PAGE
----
This trophy includes a hieroglyph of a water clock on a piece of plaster that has fallen off a wall. This gives the impression of it being an archaeological find. The fragment of plaster was designed using a real piece of plaster salvaged from a demolished house. The trophy was designed and produced by Simons Jewellers.

The Dr A.H. Heineken Prize for History honours pioneering work and research excellence in historical sciences.

Alfred Heineken established the prize in 1990 as an expression of his appreciation of researchers helping to improve the understanding of our common history. Every two years, the prize is awarded to a renowned researcher worldwide who has made groundbreaking discoveries within the field.

Laureates of the Dr H.P. Heineken Prize for History include some of the world’s leading scientists. Among them are Jonathan Israel, who shed a vitally new perspective on the history of the Enlightenment; Aleida Assman, who made a groundbreaking contribution to the study of the cultural memory of societies; and Lorraine Daston, whose new perspectives on truth and objectivity transformed the field of history of science.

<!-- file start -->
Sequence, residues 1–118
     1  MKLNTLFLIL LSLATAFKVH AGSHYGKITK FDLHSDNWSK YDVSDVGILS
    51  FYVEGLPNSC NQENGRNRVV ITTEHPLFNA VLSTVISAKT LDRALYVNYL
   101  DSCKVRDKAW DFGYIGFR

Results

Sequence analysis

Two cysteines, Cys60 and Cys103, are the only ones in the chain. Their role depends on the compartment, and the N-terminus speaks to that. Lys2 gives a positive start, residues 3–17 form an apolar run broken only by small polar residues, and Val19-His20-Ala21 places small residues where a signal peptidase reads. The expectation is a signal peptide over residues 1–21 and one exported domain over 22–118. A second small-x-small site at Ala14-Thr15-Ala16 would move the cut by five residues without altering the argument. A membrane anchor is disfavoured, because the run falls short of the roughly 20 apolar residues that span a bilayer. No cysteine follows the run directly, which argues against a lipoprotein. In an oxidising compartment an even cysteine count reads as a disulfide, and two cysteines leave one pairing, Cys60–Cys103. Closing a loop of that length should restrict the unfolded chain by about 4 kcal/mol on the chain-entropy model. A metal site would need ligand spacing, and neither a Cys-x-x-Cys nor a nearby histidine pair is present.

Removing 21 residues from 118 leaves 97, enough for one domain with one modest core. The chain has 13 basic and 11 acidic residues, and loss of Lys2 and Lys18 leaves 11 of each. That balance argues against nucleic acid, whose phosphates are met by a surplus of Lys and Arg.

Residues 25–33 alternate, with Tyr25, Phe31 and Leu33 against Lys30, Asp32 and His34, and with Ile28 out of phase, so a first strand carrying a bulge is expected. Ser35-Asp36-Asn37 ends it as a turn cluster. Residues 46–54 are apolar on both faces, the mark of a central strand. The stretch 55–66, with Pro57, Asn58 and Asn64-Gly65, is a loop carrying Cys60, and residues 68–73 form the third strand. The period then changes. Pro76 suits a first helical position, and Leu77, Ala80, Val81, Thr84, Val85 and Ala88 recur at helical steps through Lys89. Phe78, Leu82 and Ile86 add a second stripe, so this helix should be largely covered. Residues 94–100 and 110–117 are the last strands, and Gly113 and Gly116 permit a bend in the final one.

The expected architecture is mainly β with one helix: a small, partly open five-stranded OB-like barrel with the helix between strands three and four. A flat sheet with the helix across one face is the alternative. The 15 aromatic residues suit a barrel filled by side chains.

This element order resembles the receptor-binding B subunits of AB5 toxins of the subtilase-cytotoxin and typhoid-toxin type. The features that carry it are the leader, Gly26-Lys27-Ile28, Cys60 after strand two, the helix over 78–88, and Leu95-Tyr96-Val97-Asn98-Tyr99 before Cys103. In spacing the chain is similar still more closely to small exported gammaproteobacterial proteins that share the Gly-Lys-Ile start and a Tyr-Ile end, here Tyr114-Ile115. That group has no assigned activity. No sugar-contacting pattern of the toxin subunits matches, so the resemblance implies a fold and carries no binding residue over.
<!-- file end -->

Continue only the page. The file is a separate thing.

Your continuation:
All laureates of the prize have contributed to cutting-edge research that has great potential to positively impact people’s lives worldwide, inspire young researchers, and promote knowledge valorisation and effective scientific communication. The prize consists of a freely disposable cash prize of 250,000 USD and a trophy, funded by the Alfred Heineken Fondsen Foundation.

With great care, the board of the Foundation has decided not to award the Dr A.H. Heineken Prize for History in 2024. In line with the legacy of the awards, the prize will be presented again in 2026. For more information, please visit our news page